Who would have thought that the actor who played rich boy Blane in Pretty in Pink (who, sadly, was actually prettier than Molly Ringwald) grew up to be a writer? And a travel writer at that! Certainly not me. But yes, there is hope yet for pretty boys.
Andrew McCarthy—80s heart-throb, object of every teenage girl’s fantasy back in the day, and lately, because of Lipstick Jungle, every grown woman’s, too— is a prolific travel writer who was named the Lowell Thomas Travel Journalist of the Year in 2010.
When I first saw his byline in AFAR, I had my doubts about his writing prowess. But after going through his website and reading his articles, I can now understand why he has become the toast of the travel writing community. He is a fantastic storyteller with a rare gift for transporting the reader into his world. And rather than just paint pretty pictures of his exploits, he writes about pain, loneliness and even the downright dirty—things you wouldn’t normally want to discuss about your travels. He is unafraid to reveal too much of himself in his stories, perhaps because he feels that he is just a better version of himself when he travels.
“I feel my place in the world in a way that I understand more, I feel closer to my humanness, I like people better. I love to discover things. I never come back from a trip not feeling like I’ve grown at least a bit.”
Oh boy. I am swooning over Andrew. Again. And I could go on and on praising him so let me share with you an article that appeared in Lonely Planet’s A Moveable Feast. You can read for yourself.
The Best Meal I Ever Had
By Andrew McCarthy
“What do the stars next to the numbers on the badges mean?”
“Those are the one’s who give you a bath first.”
“You want that.”
“Sure,” I said, my head nodding up and down.
We were looking through a large picture window at twenty or so women sitting on tiered benches. They were dressed in evening gowns. It was 3:30 in the afternoon.
“This is where the politicians come, so you can relax,” David said. I must have looked puzzled. “So they’re clean,” he went on. I nodded some more—it was my first time in a bordello and I guess it showed. “Maybe we ought to have a beer first,” he suggested, and crossed into the empty bar.
David was an America photographer who had escaped to Southeast Asia years earlier. We had met in Saigon and agreed to hook up for a couple of nights of good clean fun in Thailand. But I hadn’t had a drink in years and a whorehouse in Bangkok on a wet Tuesday afternoon didn’t seem like the place to start.
“You know what, David, I think I’m gonna get that train up to Vientiane after all.” I had been considering a trip north, to Laos.
The northern Thai border with Laos had only recently been opened and there was a train from Bangkok every evening. It arrived in Nong Khai, on the bank of the Mekong River on the Laotian border, before dawn, where, I was to discover, entrepreneurs stormed the train, woke you from a sound sleep, grabbed your bag, and threw it on the back of their tuk-tuk as you gave chase through the pre-dawn mist. They then demanded a dollar, deposited you on a waiting bus that drove a few hundred yards and unloaded you on the Thai side of “Freedom Bridge,” which you walked across under the watchful eye of armed guards, after which you went through a version of customs and were released to fend for yourself among the eager capitalists of Laos at daybreak.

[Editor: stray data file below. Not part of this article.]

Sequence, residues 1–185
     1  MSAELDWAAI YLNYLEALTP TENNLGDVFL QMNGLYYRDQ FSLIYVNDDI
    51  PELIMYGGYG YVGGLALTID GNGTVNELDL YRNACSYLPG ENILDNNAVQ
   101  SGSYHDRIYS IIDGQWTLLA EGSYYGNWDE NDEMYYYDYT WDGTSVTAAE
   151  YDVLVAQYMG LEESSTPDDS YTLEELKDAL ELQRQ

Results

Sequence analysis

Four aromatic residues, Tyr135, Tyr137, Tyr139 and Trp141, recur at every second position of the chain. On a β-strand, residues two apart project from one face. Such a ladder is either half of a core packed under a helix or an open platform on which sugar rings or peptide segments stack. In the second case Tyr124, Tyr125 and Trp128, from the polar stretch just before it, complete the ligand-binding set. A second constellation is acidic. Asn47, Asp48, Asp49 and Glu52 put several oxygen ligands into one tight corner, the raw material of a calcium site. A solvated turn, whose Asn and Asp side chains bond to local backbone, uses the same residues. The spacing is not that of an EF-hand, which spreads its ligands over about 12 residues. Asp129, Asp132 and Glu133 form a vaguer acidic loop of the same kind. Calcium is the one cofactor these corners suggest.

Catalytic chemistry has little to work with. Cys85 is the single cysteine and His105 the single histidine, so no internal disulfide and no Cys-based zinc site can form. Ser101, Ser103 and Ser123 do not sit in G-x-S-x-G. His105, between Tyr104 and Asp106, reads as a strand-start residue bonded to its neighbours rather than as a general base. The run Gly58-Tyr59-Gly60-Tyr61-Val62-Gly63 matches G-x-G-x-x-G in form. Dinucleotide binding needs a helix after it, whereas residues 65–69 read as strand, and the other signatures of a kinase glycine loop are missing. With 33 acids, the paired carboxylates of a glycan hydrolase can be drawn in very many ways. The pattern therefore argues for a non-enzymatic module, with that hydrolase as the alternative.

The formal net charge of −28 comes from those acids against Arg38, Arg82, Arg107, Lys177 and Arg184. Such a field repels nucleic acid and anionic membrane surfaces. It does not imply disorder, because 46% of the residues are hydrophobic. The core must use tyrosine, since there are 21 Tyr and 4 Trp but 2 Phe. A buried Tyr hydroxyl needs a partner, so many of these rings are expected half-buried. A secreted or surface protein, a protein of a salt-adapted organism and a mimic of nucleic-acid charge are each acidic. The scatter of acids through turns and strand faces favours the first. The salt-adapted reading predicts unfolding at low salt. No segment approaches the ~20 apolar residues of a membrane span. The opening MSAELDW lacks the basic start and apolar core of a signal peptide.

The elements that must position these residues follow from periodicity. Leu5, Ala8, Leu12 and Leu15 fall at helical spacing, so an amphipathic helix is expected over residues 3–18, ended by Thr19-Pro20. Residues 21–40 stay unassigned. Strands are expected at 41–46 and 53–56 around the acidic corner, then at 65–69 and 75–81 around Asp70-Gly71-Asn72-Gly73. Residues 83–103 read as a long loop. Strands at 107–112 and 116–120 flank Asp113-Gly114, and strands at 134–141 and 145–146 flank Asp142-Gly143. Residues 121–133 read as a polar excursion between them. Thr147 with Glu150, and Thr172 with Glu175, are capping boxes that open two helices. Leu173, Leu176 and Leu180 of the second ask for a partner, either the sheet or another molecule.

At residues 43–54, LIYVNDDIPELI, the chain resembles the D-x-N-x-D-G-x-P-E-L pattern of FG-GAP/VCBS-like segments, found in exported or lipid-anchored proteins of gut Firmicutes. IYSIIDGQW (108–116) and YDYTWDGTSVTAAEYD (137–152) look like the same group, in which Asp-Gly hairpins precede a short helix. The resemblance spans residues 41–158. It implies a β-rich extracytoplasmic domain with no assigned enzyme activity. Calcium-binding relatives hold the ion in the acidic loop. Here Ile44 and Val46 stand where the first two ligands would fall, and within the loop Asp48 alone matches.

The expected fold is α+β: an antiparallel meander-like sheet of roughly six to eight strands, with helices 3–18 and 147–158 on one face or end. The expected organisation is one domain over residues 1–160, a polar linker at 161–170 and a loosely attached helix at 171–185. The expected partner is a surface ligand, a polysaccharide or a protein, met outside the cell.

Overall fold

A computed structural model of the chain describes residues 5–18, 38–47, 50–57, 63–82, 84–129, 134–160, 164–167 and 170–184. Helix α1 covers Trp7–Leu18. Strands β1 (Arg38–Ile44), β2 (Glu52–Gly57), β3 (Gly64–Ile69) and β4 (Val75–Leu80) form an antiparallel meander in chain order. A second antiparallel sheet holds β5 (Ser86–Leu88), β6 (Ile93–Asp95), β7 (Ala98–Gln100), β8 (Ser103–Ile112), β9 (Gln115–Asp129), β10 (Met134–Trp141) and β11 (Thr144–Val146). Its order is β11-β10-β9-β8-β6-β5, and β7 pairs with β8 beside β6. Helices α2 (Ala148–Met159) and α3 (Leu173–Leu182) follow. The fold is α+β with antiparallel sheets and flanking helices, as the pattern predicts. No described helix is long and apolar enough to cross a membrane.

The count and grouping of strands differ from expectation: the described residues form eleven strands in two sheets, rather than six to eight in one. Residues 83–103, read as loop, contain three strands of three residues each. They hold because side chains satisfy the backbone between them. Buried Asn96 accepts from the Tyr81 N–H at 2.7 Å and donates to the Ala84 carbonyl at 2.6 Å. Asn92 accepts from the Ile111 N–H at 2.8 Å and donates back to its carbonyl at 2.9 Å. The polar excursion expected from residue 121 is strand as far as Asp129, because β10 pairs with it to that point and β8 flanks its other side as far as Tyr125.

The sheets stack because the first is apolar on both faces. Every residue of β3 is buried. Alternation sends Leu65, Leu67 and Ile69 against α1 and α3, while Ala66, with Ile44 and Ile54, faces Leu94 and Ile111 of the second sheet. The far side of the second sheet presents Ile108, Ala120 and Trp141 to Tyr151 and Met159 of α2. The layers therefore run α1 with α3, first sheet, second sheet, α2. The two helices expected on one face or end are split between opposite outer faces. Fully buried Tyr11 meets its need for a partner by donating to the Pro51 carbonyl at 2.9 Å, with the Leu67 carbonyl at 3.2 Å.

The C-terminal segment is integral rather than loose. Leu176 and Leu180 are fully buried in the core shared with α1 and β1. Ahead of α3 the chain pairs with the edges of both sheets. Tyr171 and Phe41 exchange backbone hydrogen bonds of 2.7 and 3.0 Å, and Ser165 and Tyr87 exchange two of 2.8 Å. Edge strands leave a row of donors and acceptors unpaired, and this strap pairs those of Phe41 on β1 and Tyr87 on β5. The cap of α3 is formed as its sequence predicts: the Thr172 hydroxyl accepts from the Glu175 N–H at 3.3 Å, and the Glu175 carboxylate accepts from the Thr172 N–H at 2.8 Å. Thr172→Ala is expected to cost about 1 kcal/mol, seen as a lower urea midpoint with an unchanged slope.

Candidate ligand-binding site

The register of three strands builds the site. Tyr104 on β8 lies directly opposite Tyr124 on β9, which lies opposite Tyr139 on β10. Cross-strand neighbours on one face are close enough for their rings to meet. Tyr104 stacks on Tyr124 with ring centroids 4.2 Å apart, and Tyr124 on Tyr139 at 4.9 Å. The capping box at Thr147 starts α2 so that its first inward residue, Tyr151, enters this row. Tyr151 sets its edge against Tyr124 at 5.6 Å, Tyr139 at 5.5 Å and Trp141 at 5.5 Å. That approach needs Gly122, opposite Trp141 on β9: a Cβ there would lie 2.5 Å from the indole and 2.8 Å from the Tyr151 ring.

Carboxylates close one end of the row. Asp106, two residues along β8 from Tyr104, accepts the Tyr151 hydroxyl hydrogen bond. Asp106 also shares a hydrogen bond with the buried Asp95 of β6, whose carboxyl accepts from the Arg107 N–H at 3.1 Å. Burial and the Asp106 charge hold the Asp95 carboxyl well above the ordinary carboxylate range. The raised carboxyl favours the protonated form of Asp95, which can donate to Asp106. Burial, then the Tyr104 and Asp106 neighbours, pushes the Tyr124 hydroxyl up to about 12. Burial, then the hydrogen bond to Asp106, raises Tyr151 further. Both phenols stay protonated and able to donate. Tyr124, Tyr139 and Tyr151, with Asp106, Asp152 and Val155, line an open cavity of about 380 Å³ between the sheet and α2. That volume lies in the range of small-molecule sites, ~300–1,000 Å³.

But before I was to learn any of that, I first had to get out of the whorehouse in Bangkok.
I left David at the bar to mull over his options. I hurriedly checked out of my hotel, crawled through the Thai traffic, and was at the train station with nearly an hour to spare.
The short time spent in the brothel had depressed me. The more ladies the host had offered, the more lonely I felt. So as I sat back on a hard wooden bench in Hualamphong Station, watching the crowds mill anonymously by and listening to the tracks called out in a language that was indecipherable to me, I was glad to be getting out of town, glad to be on my own again. I began to take willful pride in the fact that no one I knew in the world could find me. I was a stranger in a foreign land. Alone. The relief of solitude masqueraded as contentment.
I was suddenly starving. An exhausted looking conductor confirmed there would be no dinner on the train and a quick search of the terminal revealed one forlorn restaurant. I opened the door. The place was deserted except for a group of what seemed to be staff members sitting around a large bowl in the center of a table. I took a seat on the other side of the room. A stout woman got up from the table, came over and conveyed to me in Thai that the place was closed. My head sunk. She touched my shoulder, said something I couldn’t understand, and went back to her bowl with the others.
I gathered up my bags. As I shuffled towards the door, the woman waved me over to their table and an older man with thin white hair got up and dragged over a chair. The two younger ones slid their seats closer together to make room. I demurred. They insisted.
One of the younger men handed the woman a bowl, she filled it and placed its steaming contents in front of me and they returned to the business at hand. The silence of a good meal being well eaten ensued and I realized I was sitting among three generations of a family at dinner. Conversation eventually filled the table—words I could not understand followed by laughter I could. The large bowl in the center of the table emptied. The last drops went to me. I finished my fish soup and looked at the faces around me, strangers no more.
Ten minutes later, walking down the platform, I found myself sad to be leaving Bangkok. I stepped onto the train and said aloud, to no one in particular, “That may have been the best meal I ever had.”
See more of Andrew’s writing here.
Pinay Traveller Snippet
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